Erik Swanson, who turned 25 in September, was 8-2 with a 2.66 ERA across three levels of the minors. He struck out 139 hitters in just 121.2 innings and issued just 29 walks, logging an impressive 1.00 WHIP.

Given the amount of pitching depth the Yankees have down on the farm, trading Swanson isn’t exactly a huge sacrifice. The team was also facing a deadline to add him to the 40-Man roster or risk losing him in the Rule 5 Draft.

The one man who makes this look like an overpay is Justus Sheffield, who New York acquired from the Cleveland Indians in 2016’s Andrew Miller trade.

The 22-year-old went 7-6 with a 2.48 ERA in 20 starts in Double and Triple-A ball. He struck out 123 batters in 116 innings but also issued 50 walks. He was part of September call-ups this season and posted a 10.13 ERA in three relief appearances.

A rare overpay

Look at it this way. Just as was the case with the Yankees, MLB.com now lists Sheffield as Seattle’s top prospect.

The Mariners traded Paxton as the first move of what looks like a complete roster teardown. He was dealt so the team wouldn’t have to pay him.

Yankees GM Brian Cashman, meanwhile, has mastered the art of underpaying in deals like this. This is the same man who traded Aroldis Chapman’s expiring contract to the Chicago Cubs for Gleyber Torres; the man who traded two prospects out for the season with injuries for Sonny Gray; the man who got Giancarlo Stanton for practically nothing.

Now he gives up the organization’s top prospect for two years of a 30-year-old arm with a laundry list of injury problems? The potential reward with Paxton is through the roof, but so is the risk New York is assuming.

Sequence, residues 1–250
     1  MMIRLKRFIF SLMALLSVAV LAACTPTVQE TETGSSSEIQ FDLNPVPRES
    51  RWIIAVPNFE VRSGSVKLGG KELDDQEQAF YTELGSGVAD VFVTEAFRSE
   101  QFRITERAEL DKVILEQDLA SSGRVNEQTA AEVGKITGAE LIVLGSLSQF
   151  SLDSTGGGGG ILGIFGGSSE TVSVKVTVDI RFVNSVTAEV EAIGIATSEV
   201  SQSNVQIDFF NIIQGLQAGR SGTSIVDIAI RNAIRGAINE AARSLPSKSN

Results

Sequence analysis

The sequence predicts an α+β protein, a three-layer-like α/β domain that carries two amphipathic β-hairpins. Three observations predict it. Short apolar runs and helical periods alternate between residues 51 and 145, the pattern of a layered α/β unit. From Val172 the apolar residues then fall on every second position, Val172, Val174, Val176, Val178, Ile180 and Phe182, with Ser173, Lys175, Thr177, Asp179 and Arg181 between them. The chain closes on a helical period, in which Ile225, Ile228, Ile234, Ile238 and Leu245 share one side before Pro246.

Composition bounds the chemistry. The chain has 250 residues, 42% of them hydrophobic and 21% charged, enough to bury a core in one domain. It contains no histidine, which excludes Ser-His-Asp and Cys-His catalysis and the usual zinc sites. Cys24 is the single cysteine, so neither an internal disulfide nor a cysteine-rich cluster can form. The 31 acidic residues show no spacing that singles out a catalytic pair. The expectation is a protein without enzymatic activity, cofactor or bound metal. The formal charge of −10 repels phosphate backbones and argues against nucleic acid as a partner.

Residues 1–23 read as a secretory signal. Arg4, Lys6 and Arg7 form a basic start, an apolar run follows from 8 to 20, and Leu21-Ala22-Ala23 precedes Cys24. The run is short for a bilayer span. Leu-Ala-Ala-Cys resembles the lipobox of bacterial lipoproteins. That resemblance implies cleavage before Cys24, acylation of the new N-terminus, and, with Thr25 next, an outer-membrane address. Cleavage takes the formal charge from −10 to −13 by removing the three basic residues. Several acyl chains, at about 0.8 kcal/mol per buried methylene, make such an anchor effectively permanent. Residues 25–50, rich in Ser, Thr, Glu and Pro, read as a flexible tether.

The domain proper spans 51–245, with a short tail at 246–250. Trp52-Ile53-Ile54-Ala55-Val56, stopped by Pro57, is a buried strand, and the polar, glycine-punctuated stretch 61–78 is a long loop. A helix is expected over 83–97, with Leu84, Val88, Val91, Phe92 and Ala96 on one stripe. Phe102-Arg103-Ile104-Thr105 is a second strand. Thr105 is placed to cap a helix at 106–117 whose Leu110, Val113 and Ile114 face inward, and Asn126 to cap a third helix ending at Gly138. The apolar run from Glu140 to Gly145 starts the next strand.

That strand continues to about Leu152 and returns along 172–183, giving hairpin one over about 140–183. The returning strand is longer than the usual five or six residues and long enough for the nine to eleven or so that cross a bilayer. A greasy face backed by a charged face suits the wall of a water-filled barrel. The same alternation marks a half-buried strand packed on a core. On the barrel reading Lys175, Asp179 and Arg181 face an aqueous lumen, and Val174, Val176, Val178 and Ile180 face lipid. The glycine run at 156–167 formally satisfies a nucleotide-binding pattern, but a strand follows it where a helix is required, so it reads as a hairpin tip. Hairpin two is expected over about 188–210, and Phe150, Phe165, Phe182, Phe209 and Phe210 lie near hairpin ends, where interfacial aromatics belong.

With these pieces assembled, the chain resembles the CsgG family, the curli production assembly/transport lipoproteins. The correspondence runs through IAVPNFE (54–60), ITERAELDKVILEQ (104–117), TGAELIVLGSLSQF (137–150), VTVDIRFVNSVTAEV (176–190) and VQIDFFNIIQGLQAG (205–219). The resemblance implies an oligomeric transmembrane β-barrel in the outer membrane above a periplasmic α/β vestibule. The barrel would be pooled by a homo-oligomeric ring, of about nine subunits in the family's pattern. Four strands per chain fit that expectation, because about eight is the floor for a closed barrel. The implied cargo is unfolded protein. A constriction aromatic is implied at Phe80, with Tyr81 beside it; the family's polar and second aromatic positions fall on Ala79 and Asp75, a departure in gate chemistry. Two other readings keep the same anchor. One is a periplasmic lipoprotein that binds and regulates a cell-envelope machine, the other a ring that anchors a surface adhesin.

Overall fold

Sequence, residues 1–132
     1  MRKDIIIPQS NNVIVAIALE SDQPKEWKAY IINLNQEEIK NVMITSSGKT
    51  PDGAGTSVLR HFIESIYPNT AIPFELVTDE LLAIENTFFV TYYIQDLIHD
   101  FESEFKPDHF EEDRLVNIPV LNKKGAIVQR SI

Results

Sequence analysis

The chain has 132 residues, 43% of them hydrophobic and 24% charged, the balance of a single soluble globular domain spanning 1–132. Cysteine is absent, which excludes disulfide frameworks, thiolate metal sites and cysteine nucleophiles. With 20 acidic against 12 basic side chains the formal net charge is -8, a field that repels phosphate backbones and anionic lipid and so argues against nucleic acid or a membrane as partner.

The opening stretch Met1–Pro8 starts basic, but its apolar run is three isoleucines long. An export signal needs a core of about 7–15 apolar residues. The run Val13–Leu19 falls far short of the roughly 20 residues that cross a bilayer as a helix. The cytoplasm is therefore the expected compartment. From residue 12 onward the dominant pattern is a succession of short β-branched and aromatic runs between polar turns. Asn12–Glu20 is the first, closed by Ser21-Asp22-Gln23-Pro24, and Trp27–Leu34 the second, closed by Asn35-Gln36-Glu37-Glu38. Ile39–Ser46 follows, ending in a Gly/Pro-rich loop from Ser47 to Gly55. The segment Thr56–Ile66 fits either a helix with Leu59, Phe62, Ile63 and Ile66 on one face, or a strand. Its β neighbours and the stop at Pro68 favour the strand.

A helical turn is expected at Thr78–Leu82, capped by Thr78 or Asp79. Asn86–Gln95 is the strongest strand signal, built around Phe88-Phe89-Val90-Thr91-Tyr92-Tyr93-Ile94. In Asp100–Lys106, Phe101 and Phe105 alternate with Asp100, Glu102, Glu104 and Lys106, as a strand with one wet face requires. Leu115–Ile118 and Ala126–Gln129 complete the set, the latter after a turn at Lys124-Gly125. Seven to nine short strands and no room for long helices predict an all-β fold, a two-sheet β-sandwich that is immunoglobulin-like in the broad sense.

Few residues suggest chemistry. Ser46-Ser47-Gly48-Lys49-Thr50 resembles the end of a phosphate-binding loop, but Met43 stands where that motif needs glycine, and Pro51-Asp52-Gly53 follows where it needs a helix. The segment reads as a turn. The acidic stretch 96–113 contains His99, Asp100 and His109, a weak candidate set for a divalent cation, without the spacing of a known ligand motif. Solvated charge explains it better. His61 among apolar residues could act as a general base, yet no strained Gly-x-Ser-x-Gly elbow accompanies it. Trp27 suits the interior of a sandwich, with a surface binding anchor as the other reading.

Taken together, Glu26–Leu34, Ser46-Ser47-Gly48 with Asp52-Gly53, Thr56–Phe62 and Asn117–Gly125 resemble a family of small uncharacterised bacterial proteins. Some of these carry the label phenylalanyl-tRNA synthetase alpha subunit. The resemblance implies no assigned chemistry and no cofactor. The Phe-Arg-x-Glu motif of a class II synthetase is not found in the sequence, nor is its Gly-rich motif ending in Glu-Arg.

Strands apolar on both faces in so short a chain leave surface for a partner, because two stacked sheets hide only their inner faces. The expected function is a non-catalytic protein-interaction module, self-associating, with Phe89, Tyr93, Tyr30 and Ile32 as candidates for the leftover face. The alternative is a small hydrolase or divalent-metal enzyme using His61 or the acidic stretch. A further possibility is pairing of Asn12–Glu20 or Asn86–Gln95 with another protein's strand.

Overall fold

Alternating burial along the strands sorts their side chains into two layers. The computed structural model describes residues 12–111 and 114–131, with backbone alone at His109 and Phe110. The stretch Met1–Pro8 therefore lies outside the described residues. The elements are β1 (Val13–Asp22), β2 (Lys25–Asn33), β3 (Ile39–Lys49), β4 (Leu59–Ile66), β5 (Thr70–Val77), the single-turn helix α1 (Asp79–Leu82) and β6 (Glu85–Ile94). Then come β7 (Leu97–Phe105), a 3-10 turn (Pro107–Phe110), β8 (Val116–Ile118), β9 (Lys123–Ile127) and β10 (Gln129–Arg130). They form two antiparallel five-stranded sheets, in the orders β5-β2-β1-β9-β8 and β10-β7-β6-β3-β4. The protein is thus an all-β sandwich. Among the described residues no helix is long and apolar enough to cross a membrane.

Final thoughts

All in all, it’s hard to be too upset about the Yankees making this deal. Joel Sherman of The New York Post tweeted that the team never really saw Sheffield as an ace, so maybe James Paxton is indeed an upgrade.

But now consider this. CC Sabathia is retiring after next season, and there is no clear successor to his spot in the rotation at this point. That spot could have easily been filled by Sheffield in 2020.

Moreover, given Paxton’s injury history, Cashman should have held firmer in giving up less. Even if Sheffield isn’t ace material, he is a lot to give up for someone with Paxton’s injury history.

That said, as I prepare to do my best Mr. Feeny impression and grade this trade, I’ll close with this.

The New York Yankees acquiring James Paxton is indeed exciting; however, the deal probably could have still been made without the inclusion of Sheffield. Someone like Chance Adams or Jonathan Loaisiga should have been just as acceptable to Seattle.

Thus, Cashman gets points taken away for that.

Final grade: B-

Josh Benjamin has been a staff writer at ESNY since 2018. He has had opinions about everything, especially the Yankees and Knicks. He co-hosts the “Bleacher Creatures” podcast and is always looking for new pieces of sports history to uncover, usually with a Yankee Tavern chicken parm sub in hand.